Nautilus 60th anniversary celebrated with those who knew ship well

President Harry S. Truman watches as his initials, H.S.T., are welded onto the keel of Nautilus June 14, 1952, at Electric Boat in Groton.
President Harry S. Truman watches as his initials, H.S.T., are welded onto the keel of Nautilus June 14, 1952, at Electric Boat in Groton.

Groton — In his pocket, Henry Nardone always carries a worn index card with a list of important dates in the life of the USS Nautilus.

Nardone wants to make sure he never forgets any of the milestones on a project he considers the highlight of his career. He was a naval officer assigned to the supervisor of shipbuilding office at Electric Boat when the Nautilus, the world's first nuclear-powered submarine, was under construction.

"It was a first for the Navy and a first in the world," Nardone, who worked for EB after leaving the Navy, said Thursday at the shipyard. "Not many people get the opportunity to participate in a program like that."

Now 90, Nardone, of Westerly, was one of three men in the audience Thursday with direct connections to what may be the world's most famous submarine as EB commemorated the 60th anniversary of the Nautilus' keel-laying. In the 1952 ceremony, President Harry S. Truman inscribed his initials on the sub.

Standing in front of a recently polished and rehung plaque that marks the spot of the keel-laying ceremony, EB President Kevin J. Poitras said the Nautilus revolutionized naval warfare and proved pivotal to the future of the shipyard.

"For the last 60 years, the common thread running through Electric Boat's progression of submarine innovation has been USS Nautilus," he said.

JJ Kelley, 83, of East Lyme, participated in the submarine's last major repair period and retired from EB as director of nuclear quality control. Kelley said he went to Thursday's ceremony to remember a key event in the history of EB.

Also in attendance was Paul Tranchida Sr., 96, of Groton, who made the torpedo tube doors for the Nautilus while working in the shipyard foundry.

Tranchida said he was the only one allowed to make those doors; he still considers them his doors.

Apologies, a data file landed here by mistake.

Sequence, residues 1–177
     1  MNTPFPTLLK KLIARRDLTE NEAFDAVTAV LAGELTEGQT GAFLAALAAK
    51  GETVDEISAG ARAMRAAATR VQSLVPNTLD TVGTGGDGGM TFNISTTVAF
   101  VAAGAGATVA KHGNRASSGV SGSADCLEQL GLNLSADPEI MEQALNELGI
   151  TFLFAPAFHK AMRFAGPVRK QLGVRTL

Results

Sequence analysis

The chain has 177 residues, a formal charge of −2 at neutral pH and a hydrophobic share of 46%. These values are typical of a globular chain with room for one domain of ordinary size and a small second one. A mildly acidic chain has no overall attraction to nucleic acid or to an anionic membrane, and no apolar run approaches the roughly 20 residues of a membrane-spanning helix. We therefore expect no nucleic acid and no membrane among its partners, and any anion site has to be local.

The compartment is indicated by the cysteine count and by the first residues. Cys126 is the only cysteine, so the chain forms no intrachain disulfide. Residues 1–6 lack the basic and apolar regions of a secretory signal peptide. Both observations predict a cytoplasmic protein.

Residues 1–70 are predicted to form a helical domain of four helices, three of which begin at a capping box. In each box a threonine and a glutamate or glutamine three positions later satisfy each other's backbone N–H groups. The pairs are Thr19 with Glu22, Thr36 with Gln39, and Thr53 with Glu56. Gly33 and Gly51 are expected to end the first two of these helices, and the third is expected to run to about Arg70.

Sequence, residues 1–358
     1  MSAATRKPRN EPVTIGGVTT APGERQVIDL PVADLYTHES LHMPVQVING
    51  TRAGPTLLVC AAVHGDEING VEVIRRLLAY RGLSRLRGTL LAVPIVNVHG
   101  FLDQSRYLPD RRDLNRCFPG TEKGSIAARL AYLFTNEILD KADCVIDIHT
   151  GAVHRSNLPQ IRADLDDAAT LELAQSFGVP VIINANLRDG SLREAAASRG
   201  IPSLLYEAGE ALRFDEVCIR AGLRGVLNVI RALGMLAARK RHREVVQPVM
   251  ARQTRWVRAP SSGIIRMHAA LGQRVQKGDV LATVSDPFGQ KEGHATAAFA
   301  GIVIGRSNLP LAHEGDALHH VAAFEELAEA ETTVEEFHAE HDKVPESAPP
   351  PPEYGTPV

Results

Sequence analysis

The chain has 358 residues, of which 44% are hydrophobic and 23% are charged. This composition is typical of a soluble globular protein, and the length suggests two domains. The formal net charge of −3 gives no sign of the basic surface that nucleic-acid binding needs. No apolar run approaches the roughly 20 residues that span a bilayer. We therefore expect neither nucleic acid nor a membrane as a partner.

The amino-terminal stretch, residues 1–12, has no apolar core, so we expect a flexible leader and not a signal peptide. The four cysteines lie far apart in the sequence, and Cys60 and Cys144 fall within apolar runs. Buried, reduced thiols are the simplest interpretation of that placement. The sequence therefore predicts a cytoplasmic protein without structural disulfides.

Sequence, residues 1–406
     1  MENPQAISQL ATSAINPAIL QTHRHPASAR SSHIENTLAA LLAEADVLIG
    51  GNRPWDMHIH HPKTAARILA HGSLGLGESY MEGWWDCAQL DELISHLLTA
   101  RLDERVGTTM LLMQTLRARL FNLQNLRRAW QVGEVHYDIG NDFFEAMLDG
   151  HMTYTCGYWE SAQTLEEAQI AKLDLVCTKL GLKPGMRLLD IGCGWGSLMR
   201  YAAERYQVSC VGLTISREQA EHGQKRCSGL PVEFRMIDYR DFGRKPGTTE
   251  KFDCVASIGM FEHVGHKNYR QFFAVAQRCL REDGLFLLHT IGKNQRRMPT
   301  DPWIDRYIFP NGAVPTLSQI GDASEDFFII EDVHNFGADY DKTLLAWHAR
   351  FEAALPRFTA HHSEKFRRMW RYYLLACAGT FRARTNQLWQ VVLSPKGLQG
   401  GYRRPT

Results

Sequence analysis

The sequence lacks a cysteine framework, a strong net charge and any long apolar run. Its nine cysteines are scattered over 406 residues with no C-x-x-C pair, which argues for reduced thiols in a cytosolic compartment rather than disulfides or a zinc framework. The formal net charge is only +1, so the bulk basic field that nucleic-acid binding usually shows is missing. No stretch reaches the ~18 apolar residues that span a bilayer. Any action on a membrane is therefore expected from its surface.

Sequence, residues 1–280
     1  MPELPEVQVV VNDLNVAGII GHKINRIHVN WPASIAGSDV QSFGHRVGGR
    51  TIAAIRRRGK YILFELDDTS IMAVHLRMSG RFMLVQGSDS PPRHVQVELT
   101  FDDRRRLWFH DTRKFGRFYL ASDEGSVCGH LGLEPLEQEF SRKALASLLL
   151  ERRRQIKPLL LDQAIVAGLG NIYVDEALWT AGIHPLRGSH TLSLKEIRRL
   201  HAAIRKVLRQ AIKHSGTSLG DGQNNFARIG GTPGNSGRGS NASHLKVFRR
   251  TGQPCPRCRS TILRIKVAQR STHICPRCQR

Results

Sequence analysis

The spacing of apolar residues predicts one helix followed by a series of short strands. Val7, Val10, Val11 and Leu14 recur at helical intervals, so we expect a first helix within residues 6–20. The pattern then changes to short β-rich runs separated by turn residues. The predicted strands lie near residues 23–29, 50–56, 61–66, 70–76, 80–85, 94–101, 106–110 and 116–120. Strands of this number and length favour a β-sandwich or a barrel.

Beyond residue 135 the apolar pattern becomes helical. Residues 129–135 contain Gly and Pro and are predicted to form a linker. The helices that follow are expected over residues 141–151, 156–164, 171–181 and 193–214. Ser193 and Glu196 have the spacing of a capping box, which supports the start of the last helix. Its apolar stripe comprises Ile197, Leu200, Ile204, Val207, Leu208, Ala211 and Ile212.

Poitras said he didn't know where the shipyard would be today if it hadn't been challenged to apply nuclear energy to propulsion. The future looks promising, he said, with EB continuing to build Virginia-class attack submarines under a teaming agreement with Newport News Shipbuilding in Virginia and 1,700 employees working on the design for a new ballistic-missile submarine.

With construction scheduled to start in 2021, the ballistic-missile submarine to replace the Ohio-class boats will be in service until at least 2080, more than 120 years after the Nautilus entered the fleet as the first commissioned nuclear-powered ship in the U.S. Navy, Poitras said.

"You never want to lose sight of the past and how you got here," he said.

The Nautilus (SSN 571) shattered records for speed and distance while submerged and became the first ship to cross the North Pole on Aug. 3, 1958. With speed, endurance and unmatched stealth that only nuclear propulsion could provide, the Nautilus was the most capable warship of its generation, said Lt. Cmdr. Robert W. Sawyer, officer in charge of the Historic Ship Nautilus.

"The success of Nautilus changed the equations that described a superpower," he said. "The other world powers scrambled to join this club."

The sub still serves the country, now as a museum exhibit at the Submarine Force Museum, Sawyer said. Nautilus "continues to educate the public about a legacy of vision and pioneering," he said, "while inspiring youth to build the dream."


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